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PPS 15: Planning and Flood Risk
Annex D Assessing Flood Risk & Drainage Impact

Assessing Flood Risk

D1 Where an assessment of flood risk is required to facilitate the proper consideration of a planning application it shall be the responsibility of the applicant to provide the necessary information.
D2 Such an assessment may be of a relatively minor nature, for example where the development proposed is small, or it may comprise a major basin-wide study, where a large infrastructure development is proposed. Preliminary or scoping studies may assist the preparation of a full report and developers should make early contact with the Planning Service and Rivers Agency Opens link in a new browser window to discuss proposals.
D3 The detail and technical complexity of an assessment will vary depending on the scale and nature of the development proposed and the significance of the study. In all cases however applicants will be expected as a minimum to provide the following baseline information:
  1. a location plan which clearly illustrates geographical features and built development including, where appropriate, street names. The plan should identify all watercourses, water bodies and other drainage infrastructure in the vicinity including drainage outfalls;
  2. a plan(and where appropriate, cross sections) of the site showing existing and post development levels related to Ordnance Datum;
  3. details of any existing flood alleviation measures or flood defence works that may influence the site;
  4. the identification of all potential sources of flooding;
  5. a plan of the site showing the extent and depth of flood events or flood predictions. (Information may include anecdotal or photographic evidence or where necessary, survey results and/or model estimates.); and
  6. proposals for the mitigation of any increases in flood risk that may arise as a result of the development proposed.
D4 The range and variety of local conditions will be such that each assessment will normally be an individually tailored report describing the implications of a proposed development. While it will be necessary to consider all the factors identified above, the depth of assessment necessary may vary greatly from case to case.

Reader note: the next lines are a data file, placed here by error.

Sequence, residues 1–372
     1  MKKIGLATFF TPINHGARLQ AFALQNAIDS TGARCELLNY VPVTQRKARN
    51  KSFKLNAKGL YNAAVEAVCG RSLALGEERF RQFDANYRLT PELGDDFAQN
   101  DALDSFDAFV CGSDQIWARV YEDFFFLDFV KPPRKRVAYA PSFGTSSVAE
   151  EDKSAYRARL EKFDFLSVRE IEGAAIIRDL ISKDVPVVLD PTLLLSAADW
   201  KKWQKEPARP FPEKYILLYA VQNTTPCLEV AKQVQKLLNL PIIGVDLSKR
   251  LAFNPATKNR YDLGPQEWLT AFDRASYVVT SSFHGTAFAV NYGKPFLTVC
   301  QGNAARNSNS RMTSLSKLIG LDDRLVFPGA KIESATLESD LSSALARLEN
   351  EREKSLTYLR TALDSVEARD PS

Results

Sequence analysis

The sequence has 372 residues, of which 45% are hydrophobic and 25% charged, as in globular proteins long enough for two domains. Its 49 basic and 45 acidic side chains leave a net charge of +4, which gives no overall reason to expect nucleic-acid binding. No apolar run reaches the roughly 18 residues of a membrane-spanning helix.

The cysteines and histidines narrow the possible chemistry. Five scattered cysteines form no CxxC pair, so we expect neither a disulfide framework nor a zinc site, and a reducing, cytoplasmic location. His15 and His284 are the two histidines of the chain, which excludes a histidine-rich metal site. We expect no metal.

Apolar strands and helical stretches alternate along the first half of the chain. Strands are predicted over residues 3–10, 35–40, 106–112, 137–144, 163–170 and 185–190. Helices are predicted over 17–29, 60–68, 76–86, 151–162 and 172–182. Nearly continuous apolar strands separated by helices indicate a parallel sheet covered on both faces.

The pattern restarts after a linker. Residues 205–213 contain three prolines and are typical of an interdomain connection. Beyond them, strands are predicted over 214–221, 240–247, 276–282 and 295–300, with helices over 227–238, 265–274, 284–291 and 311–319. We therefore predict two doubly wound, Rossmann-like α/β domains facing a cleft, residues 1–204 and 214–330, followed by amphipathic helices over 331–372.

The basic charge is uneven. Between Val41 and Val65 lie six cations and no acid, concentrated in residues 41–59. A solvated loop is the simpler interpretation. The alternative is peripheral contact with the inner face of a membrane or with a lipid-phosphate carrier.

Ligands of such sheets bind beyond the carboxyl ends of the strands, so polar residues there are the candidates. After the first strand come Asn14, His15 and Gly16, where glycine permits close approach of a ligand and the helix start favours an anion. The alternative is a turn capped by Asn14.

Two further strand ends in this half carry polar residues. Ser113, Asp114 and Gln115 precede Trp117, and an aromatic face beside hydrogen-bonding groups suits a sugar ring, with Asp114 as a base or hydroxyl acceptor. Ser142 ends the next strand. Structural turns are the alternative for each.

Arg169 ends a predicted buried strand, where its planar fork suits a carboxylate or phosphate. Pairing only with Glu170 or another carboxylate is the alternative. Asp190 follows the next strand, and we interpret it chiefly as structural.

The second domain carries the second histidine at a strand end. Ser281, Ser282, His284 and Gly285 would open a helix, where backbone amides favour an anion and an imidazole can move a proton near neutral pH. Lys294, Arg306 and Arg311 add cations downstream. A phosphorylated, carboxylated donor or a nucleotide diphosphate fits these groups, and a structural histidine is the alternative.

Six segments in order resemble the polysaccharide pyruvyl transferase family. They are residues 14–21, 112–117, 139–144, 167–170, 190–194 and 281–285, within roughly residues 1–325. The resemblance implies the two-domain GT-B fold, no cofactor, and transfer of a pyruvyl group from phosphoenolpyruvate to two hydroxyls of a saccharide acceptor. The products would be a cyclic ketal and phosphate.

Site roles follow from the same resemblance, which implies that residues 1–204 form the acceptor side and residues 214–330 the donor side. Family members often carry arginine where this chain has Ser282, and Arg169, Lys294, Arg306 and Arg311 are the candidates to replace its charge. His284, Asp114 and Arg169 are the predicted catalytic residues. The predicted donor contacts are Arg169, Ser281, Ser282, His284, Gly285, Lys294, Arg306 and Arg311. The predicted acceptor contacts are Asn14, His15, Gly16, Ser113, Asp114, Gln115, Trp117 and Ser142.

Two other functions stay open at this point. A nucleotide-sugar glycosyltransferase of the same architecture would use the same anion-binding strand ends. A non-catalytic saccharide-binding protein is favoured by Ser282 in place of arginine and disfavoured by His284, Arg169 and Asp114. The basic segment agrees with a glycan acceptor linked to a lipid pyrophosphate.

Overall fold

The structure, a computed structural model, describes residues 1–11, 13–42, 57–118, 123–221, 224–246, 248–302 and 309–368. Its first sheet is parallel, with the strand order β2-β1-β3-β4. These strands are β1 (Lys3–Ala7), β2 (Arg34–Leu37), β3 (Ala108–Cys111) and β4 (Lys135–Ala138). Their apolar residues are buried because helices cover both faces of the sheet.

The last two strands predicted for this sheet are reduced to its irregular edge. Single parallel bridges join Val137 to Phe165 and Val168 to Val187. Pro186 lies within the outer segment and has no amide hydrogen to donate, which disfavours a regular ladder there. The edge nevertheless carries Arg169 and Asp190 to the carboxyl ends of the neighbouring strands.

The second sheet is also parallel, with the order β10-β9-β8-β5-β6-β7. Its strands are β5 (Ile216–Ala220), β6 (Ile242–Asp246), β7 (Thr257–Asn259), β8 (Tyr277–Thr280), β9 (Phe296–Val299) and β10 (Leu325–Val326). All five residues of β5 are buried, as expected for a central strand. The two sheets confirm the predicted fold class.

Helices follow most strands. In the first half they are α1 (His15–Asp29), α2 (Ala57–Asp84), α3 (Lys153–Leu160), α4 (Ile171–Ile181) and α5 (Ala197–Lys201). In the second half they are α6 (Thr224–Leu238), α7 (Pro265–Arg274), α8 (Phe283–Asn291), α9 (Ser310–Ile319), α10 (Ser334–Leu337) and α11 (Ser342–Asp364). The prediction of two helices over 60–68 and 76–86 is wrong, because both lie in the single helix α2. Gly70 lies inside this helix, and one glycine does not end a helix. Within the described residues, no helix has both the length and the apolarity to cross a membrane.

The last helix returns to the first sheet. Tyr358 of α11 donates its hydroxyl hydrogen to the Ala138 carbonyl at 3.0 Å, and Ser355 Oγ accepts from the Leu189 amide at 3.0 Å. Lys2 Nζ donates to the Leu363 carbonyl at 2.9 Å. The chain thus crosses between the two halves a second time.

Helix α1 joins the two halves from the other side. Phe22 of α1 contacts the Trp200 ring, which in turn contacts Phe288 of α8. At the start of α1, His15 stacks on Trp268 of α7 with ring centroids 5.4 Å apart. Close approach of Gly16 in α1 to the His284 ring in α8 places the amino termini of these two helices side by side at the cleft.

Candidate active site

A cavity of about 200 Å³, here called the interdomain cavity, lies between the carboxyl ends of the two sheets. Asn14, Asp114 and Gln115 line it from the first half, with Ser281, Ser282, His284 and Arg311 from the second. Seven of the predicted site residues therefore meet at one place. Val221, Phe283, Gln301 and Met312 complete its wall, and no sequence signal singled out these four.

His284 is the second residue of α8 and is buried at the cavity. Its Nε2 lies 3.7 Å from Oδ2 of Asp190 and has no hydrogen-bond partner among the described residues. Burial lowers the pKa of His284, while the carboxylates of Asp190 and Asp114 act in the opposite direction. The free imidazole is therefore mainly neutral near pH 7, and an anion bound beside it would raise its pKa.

D5 Where it is anticipated that the effects of a proposal may require a basin wide study either by virtue of its size or its nature, applicants may be required to provide additional information on its impact(s) on flood risk. This may include:
  • previous flood event data supported by information on rainfall, flood return periods and the probability of storm surge occurrences where appropriate. (Evidence on trends in flood occurrences is particularly valuable and should be included where available). Changes in the environment of the locality that have occurred since the last event where these may be material. Where this information is relevant its assessment will be an important aspect of the report;
  • a plan and description of structures which may influence local hydraulics. For example, bridges, pipes/ducts crossing watercourses, culverts, embankments and walls;
  • an assessment of hydraulics of all drains and sewers at the site or in the location, both existing and proposed, during a flood event. The methodology for assessment must be clearly identified;
  • an estimate of the volume of run-off likely to be generated by the proposed development. Where appropriate the maximum flows that would be displaced from the site by the proposed development should also be estimated and the consequences of that displacement on neighbouring or other locations assessed;
  • an assessment of :
    1. the likely speed with which flooding might occur;
    2. the sequence in which various parts of the site or location may flood;
    3. the likely duration of a flood event; and
    4. the potential consequences/impacts of a flood event.
D6 Because of the uncertainties inherent in flood estimation and expected climate change impacts, the application of the precautionary approach to hydrological analysis of flood flows and the determination of flood event return periods requires that any assessment of flood risk to incorporate the necessary allowances for increased rainfall, storminess and sea-level rise specified in UKCIP 0219.
D7 All assessments should also acknowledge that there are no circumstances in which the risk of flooding can be removed entirely. In defended areas therefore consideration should always be given to the potential impacts of extreme events on defences and the minimising of risks to life in such cases.

Drainage Assessment

D8 Where a drainage assessment is required to facilitate the proper consideration of a planning application it shall be the responsibility of the applicant to provide the necessary information.
D9 Drainage assessments will normally be required to accompany development proposals where:
  • the development comprises of 10 new dwelling houses or more;
  • the development site exceeds one hectare;
  • changes of use involving new buildings and/or hardsurfacing which exceed 1000 square metres in area; or
  • surface water run-off from the development may adversely impact upon a sensitive area20.
19 United Kingdom Climate Impacts Programme (2002 Report)
20 Sensitive areas will include areas within, or upstream of, a conservation site designated under national or international legislation, for e.g. Areas of Special Scientific Interest (ASSI)
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